Transcripts show just how scary things were getting for Yellen and the Fed in 2009

March 4, 2015

yellen2009.jpg The U.S. Federal Reserve just released full transcripts of its crisis-fighting meetings of 2009, when the U.S. economy was in the depths of recession and unemployment was soaring to 10 percent. Janet Yellen, who at the time was head of the San Francisco Fed, gave a sense of just how scary things were getting:

“The economic and financial news has been grim,” she told colleagues at a mid-March policy meeting, according to the transcripts. “Things are now so bad that I actually open the Greenbook with greater trepidation than my 401(k).”

The Fed’s so-called Greenbook is its official summary of economic and financial conditions, distributed to all policymakers a week before meetings. With stocks hitting their lowest levels in 12 years that month, one could understand how Yellen, now the Fed Chair, would feel.

After some laughter, she continued:

“The awful employment and spending data have not been much of a surprise, but they do dispel remaining hopes that we might see a turnaround any time soon. This conclusion is reinforced by what I’m hearing from my business contacts. Their already sour mood is taking another sharp turn for the worse. One director reported that businesses were so shaken that it would take a sustained period of positive data, on the order of six to nine months, before they would begin to consider expanding production and employment. Another disturbing sign of how tough things are getting is that people appear to be breaking into their piggybanks to make ends meet…”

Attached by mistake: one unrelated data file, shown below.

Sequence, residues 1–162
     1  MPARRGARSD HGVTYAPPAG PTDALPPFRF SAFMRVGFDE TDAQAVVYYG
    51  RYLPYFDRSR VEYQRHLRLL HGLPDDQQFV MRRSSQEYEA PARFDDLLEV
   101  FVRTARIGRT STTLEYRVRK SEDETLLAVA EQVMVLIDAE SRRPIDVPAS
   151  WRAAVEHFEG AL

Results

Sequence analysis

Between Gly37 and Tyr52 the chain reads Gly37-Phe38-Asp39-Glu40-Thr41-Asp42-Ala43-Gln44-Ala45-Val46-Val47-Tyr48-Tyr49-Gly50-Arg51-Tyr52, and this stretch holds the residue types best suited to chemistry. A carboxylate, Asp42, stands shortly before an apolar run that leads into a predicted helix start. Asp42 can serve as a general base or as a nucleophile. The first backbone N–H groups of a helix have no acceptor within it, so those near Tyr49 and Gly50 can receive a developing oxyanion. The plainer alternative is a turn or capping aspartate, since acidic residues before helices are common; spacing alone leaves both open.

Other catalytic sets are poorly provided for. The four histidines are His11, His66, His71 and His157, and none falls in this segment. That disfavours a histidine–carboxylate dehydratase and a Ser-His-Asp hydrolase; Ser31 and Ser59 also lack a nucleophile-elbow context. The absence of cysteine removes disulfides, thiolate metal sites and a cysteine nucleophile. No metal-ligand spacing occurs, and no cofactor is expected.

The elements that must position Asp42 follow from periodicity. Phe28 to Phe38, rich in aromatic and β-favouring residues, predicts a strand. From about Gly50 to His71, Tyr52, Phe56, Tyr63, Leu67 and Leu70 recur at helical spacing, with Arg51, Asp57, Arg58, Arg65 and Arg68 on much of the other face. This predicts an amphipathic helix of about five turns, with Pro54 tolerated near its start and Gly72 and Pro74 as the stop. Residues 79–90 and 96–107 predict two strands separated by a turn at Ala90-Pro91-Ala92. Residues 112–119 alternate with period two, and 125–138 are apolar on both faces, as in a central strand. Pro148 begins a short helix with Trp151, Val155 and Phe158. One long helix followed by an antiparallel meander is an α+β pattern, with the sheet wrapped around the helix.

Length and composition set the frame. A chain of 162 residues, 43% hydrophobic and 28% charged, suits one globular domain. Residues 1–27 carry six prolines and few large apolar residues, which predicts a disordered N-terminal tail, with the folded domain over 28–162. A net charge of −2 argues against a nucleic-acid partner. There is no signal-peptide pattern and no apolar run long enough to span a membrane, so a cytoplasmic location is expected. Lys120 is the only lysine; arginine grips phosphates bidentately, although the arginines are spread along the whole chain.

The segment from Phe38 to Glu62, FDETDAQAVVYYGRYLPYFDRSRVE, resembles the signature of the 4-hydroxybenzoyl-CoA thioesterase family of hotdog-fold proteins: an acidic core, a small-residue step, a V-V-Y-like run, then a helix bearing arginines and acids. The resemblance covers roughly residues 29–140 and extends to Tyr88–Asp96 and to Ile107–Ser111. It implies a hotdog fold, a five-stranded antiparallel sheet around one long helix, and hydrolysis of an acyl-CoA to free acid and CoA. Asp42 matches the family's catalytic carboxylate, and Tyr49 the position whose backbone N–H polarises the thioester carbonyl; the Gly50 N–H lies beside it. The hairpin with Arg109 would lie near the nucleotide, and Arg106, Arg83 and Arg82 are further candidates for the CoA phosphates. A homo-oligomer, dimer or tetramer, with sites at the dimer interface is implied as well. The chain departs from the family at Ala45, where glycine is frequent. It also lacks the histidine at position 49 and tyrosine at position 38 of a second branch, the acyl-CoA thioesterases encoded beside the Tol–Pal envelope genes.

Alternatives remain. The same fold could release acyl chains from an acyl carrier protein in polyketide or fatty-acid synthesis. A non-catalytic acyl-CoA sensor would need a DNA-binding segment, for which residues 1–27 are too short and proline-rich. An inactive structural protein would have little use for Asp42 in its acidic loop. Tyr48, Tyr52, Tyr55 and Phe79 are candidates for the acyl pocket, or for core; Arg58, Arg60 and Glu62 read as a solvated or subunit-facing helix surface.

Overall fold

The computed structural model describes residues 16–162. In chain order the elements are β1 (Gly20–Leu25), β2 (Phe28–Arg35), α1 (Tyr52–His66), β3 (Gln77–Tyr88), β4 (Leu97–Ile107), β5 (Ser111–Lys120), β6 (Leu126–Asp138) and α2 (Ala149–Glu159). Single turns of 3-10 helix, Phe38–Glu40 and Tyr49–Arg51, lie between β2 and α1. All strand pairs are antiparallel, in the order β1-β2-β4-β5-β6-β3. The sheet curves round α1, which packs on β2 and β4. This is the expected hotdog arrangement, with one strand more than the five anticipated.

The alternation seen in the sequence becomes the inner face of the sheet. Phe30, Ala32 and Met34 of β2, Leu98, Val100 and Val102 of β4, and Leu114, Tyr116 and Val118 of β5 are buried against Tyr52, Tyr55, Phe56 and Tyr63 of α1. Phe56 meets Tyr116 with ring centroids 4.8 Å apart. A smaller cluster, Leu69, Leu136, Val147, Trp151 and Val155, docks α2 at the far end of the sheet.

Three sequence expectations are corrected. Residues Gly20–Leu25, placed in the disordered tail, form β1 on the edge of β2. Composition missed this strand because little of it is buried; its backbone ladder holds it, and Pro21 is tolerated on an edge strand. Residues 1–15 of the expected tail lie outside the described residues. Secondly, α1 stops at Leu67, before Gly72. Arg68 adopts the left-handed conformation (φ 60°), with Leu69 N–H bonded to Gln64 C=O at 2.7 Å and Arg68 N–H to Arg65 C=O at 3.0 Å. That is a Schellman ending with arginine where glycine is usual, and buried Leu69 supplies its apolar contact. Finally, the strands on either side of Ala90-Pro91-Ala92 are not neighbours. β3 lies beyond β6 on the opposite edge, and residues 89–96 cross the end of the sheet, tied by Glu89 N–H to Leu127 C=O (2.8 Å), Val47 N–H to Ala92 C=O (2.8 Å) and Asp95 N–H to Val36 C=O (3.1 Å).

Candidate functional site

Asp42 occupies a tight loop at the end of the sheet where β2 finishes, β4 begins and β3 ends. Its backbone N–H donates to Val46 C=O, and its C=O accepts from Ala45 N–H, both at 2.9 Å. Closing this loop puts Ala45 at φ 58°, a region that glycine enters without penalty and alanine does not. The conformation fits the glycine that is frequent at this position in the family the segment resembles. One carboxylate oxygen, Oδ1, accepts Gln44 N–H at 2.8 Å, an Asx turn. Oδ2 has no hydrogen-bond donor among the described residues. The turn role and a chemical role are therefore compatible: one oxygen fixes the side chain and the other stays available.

No comments so far

We welcome comments that advance the story through relevant opinion, anecdotes, links and data. If you see a comment that you believe is irrelevant or inappropriate, you can flag it to our editors by using the report abuse links. Views expressed in the comments do not represent those of Reuters. For more information on our comment policy, see http://blogs.reuters.com/fulldisclosure/2010/09/27/toward-a-more-thoughtful-conversation-on-stories/